Lukas Reichel had an encouraging performance against the Flames before the All-Star break.
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After Blackhawks forward Lukas Reichel lost the puck while trying to cut down the center of the ice in his return to the lineup Jan. 25 against the Oilers, coach Luke Richardson told him to try going wide instead.
But two nights later against the Flames — the team Reichel has enjoyed the most success against in his career so far — he didn’t heed that advice. Instead, he cut down the center with more speed, confidence and elusiveness in a performance that looked reminiscent of his assertive 2022-23 form rather than his timid 2023-24 form.
The enigmatic Reichel, 21, was held without a point and had only one shot on goal in the Hawks’ 1-0 loss — extending his scoreless drought to 13 consecutive games entering the All-Star break — but he deserved several points.
‘‘He had some good skating moments, and when he stopped skating, that’s when he lost pucks,’’ Richardson said.
Reichel set up MacKenzie Entwistle for a great scoring chance and created several more himself, including a memorable rush in which he gathered the puck inside his defensive blue line, deked past Jonathan Huberdeau in the neutral zone, crossed the offensive blue line with speed and went around Dennis Gilbert before sending a backhand pass into the crease.
Richardson told him: ‘‘You can’t get frustrated. You’ve got to realize [that if] you have enough skill to create that chance, then you’ll create it again. You’ve got to be confident that you’re going to bury it the next time.’’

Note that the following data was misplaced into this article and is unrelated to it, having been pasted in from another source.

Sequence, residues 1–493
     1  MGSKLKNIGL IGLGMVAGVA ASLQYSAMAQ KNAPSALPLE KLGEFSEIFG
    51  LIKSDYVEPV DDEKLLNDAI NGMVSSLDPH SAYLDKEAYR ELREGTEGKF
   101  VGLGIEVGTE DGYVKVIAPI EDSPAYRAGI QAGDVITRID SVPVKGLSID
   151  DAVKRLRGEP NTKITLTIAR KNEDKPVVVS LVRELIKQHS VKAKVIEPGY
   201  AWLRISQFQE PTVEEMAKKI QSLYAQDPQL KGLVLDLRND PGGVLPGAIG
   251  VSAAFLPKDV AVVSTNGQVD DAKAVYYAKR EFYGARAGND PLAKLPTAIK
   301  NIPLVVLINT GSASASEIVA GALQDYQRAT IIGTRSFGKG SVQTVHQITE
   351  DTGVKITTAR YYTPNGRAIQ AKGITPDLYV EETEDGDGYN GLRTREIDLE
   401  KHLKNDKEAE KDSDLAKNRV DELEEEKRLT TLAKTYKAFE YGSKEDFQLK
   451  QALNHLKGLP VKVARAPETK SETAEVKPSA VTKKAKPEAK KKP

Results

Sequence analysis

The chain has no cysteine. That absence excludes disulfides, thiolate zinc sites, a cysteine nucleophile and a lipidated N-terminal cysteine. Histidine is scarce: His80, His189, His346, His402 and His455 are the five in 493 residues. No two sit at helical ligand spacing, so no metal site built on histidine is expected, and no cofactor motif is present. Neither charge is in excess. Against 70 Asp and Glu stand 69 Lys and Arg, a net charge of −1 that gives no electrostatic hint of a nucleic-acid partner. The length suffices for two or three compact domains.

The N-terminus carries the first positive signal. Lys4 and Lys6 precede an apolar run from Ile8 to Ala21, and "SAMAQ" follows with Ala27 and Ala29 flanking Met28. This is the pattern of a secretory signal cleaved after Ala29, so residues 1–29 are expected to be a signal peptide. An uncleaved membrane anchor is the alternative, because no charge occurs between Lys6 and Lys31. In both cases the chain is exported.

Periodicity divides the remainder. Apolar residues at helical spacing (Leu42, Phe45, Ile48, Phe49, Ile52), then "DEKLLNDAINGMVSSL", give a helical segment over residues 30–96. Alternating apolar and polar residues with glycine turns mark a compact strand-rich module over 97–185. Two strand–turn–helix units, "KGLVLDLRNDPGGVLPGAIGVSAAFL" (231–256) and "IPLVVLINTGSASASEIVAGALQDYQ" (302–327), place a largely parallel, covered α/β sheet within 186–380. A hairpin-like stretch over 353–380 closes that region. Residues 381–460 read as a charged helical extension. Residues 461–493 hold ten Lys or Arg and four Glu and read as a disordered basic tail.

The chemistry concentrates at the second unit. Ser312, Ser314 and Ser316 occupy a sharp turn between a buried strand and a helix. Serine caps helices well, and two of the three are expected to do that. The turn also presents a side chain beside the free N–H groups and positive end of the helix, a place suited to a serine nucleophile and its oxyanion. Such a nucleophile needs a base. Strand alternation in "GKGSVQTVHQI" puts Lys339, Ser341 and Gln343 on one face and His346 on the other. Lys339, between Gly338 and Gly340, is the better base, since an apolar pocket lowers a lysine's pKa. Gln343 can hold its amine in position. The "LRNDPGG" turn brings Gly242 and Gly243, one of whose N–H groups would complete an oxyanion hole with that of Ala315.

One impressive yet fruitless game doesn’t nearly make up for Reichel’s dozens of invisible games this season, but it represents a slightly encouraging sign. There haven’t even been many of those lately. That’s how he has wound up with a stat line of nine points in 47 games.
Reichel’s parents are visiting him in Chicago — for the first time this season — during the All-Star break, and he was excited about that beforehand. One only can hope that family time rejuvenates him for a strong finish in the Hawks’ 32 remaining games.
Reichel’s career isn’t exactly on the line, with the Hawks definitely planning to re-sign him as a restricted free agent this summer, no matter what. But it’s fair to describe this as a crucial stretch for his career. He desperately needs to start playing well and producing offensively again.
Perhaps taking a page out of the book of Jason Dickinson, one of few forwards on the Hawks who has produced at a solid clip, would help. They’re seven years apart in age and have different skills, but scoring is scoring.
As it turns out, Reichel had the same idea. He watched Dickinson closely while sitting in the press box as a healthy scratch Jan. 22 and Jan. 24 in Vancouver and Seattle, respectively.
‘‘From up top, you see it,’’ Reichel said. ‘‘He’s not going to dangle someone, but he holds on to the puck, he’s strong with the puck, and that’s how he makes his plays. It works for him.
‘‘When [Patrick] Kane or someone — a good player — dangles someone, then you’re like, ‘Holy [bleep], he’s so good.’ But Dickinson doesn’t have to stickhandle, and it works for him. We all can do it because it’s just smart plays and hard work. That’s why we all, on the team, can look at him and put it in our game.’’
Reichel is right that everyone can — and ought to — implement some of those takeaways, but there’s no question he needs to do so most of all.